If you have an ACS member number, please enter it here so we can link this account to your membership. (optional)

ACS values your privacy. By submitting your information, you are gaining access to C&EN and subscribing to our weekly newsletter. We use the information you provide to make your reading experience better, and we will never sell your data to third party members.


Energy Storage

Thin-film battery breaks energy storage record

Careful manufacturing yields a lithium-ion battery for compact medical devices

by Katherine Bourzac
January 3, 2020 | A version of this story appeared in Volume 98, Issue 1


Photo of an individual thin-film battery on a penny.
Credit: CEA-Leti
A thin-film battery is shown on a penny for scale. The penny sits on a silicon die patterned with the batteries.

A tiny new battery that packs an energy punch could power more compact next-gen pacemakers and other medical devices. The LiCoO2 battery was developed by researchers at CEA-Leti, part of the French atomic energy agency. Battery chemist Sami Oukassi says it has a higher energy density than any thin-film battery reported so far. The battery is just 3.10 by 1.70 mm in area—which doesn’t leave much room for energy-storing electrode materials. Oukassi says his group improved the thin-film battery’s performance by making a thicker layer of LiCoO2 at higher yield. Thin-film batteries generally use less than 10 µm of the material; the CEA-Leti group was able to double this value while still achieving good-quality films that provide an easy path for charge-carrying lithium ions. “We developed advanced patterning methods for this material—usually you can’t do that on lithium,” Oukassi says. That enabled the team to make a prototype battery that meets the energy requirements for prototype medical devices such as disease-monitoring smart contact lenses. Oukassi, who described the research at the International Electron Devices Meeting in San Francisco in December, says the group hopes to encapsulate the battery so that it is safe for use in future wearable and implantable medical devices.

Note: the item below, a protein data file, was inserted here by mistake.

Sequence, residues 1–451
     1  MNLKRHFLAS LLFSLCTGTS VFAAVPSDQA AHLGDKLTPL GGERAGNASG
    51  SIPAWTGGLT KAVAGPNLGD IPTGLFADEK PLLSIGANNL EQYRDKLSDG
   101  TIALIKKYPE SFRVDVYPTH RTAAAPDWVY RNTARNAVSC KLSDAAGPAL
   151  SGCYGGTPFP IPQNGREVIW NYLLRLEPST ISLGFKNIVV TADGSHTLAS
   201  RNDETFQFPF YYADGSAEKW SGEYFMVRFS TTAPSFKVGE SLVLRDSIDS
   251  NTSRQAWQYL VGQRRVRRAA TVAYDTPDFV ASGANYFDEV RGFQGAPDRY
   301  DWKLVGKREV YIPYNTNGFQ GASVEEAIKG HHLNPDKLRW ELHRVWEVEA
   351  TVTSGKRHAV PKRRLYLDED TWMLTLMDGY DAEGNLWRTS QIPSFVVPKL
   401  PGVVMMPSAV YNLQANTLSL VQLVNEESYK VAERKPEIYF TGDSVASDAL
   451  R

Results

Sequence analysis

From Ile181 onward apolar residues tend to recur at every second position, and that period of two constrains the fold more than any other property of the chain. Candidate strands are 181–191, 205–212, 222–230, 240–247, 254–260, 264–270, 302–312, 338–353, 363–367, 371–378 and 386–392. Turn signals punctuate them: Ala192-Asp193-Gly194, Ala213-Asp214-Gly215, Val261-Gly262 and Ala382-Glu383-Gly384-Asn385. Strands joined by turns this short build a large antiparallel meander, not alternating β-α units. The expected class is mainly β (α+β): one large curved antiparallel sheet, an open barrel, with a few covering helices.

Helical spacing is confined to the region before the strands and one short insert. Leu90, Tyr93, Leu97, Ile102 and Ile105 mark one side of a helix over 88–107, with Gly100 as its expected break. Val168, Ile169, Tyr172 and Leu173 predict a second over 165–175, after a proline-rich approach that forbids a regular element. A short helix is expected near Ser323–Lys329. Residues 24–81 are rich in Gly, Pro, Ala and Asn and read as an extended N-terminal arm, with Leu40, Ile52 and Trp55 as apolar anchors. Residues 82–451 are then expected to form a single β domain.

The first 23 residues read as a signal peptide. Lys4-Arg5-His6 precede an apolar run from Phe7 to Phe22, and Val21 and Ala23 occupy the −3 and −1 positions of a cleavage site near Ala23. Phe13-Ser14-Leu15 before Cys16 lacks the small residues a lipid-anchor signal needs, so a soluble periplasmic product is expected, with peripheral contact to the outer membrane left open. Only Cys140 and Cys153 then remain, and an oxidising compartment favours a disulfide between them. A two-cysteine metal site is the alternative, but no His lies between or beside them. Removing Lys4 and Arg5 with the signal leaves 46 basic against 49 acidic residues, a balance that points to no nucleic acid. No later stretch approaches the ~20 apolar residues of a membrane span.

This article has been sent to the following recipient:

Chemistry matters. Join us to get the news you need.